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If Eddie Izzard can be an executive transvestite, I can be an executive pagan.

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Words and music

Posted by Erik on April 21, 2009

I’ve been reading back through one of my favorite devotional texts, To the Gods of Hellas: Lyrics of the Greek Games at Barnard College, edited by Helen Erskine and originally published by the Columbia University Press in 1930 (and now republished by Kessinger, see the link above). As is true with all anthologies, the quality is a bit uneven, but overall the writing is good and the enthusiasm – and occasionally disarming naïveté of most of the writers goes a long way to compensating for whatever deficiencies one might find. (The Greek Games themselves were a fascinating phenomenon, incidentally, and well worth Googling.)

In the spirit of National Poetry Month I wanted to share a couple of my favorite passages. The first poem is used as a sort of introduction to the collection, and as far as I’m concerned the opening lines could stand as an informal introduction to the entire pagan revival.

The Spirit of Greek Games
Isabel Williams, class of 1926

Who says the ancient gods have passed away?
We feel their presence, as men felt of old.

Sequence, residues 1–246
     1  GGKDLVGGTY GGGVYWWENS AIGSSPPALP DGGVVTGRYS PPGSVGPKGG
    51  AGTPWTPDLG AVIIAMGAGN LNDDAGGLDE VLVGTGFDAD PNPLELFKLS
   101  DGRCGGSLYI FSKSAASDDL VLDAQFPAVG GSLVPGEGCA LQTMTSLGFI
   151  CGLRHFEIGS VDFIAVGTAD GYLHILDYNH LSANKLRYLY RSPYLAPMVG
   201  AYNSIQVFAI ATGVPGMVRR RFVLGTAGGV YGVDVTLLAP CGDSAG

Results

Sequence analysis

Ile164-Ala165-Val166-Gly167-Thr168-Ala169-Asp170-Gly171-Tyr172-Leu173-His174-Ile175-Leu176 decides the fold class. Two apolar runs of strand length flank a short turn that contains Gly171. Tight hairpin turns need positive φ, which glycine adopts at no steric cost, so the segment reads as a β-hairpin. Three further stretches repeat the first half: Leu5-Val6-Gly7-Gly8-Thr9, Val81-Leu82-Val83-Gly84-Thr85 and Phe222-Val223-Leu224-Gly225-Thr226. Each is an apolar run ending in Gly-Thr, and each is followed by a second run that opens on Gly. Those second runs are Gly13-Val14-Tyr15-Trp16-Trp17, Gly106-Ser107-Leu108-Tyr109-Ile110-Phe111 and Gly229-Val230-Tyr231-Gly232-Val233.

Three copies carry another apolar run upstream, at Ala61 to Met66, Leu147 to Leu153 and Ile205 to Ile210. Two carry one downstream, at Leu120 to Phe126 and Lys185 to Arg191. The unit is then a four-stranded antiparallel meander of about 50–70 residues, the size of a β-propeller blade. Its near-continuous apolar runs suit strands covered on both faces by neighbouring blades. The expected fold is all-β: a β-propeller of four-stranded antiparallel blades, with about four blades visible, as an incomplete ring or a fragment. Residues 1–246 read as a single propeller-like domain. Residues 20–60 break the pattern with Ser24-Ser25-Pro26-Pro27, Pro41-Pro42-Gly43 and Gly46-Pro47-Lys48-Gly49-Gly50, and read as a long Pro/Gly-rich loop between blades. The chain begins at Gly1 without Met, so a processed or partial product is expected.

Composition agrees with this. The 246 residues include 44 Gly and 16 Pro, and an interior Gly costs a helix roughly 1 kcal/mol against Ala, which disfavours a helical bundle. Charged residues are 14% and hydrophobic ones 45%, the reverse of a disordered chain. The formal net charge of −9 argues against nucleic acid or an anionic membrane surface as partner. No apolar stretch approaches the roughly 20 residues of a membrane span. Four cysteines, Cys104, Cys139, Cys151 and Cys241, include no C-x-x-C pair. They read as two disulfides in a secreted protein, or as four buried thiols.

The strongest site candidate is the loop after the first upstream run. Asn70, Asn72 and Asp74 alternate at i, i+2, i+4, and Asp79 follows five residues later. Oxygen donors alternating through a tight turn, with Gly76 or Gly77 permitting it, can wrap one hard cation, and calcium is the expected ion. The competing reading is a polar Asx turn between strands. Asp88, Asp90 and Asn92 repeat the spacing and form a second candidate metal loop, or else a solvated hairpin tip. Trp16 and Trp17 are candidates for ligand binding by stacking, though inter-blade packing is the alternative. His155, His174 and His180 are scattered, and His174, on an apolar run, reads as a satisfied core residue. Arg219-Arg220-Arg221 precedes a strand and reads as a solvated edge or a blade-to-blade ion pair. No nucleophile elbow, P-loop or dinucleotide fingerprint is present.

How should they die? Here all their spirits live –
Wisdom and music, beauty, joyous youth,
Springtide and harvest – all their gifts to man.

Sadly, in the interest of space I can’t post all my favorite bits, but I do want to share a couple more. I have used this hymn to Demeter in group ritual, set to a medieval French carol tune; again, I am sharing just the beginning.

Invocation and Libation to Demeter
Grace Goodale, class of 1899

Goddess thou of hope and harvest,
Strong Earth-Mother, patient, wise,
Graciously vouchsafe thy presence,
Hither come in kindly guise;
Hearken, O Demeter, hearken,
As to thee our hymns arise!
Hearken, O Demeter, hearken,
As to thee our hymns arise!

The last poem for today I will post in its entirety; I recently wrote a tune to accompany it (I’ll call it a “setting” if and when I add a harmony line and chord structure. :) The music can be heard here.

The phrasing is not great in the recording because I had to settle for typing it out on the computer keyboard using a free online piano and capturing the result with Audacity – but it gives the general idea. I’ve been singing it very legato, at about 63.

Dirge (A Lover’s Prayer to Hermes)
Jane Hillyer, class of 1929

The wind has drawn its fingers through the trees,
And rippled running whispers on its breath…
But god of roadways leading down to death,
O what have she and I to do with these?

The tender leaves will bring no song to me –
For she will never lift her eyes again
Beneath the clouds and shiver of the rain
To watch the myrtle bloom in Thessaly.

My pulses will forget to greet the red
Of sunrise, or the drops of laughing wine –
For hands that trembled yesterday in mine
Stretch blindly out among the voiceless dead.

I showed her where the rich, blue oceans press,
And how the breakers of the tide begin –
O Hermes, be to her as I have been
And guide her in the strange first loneliness.

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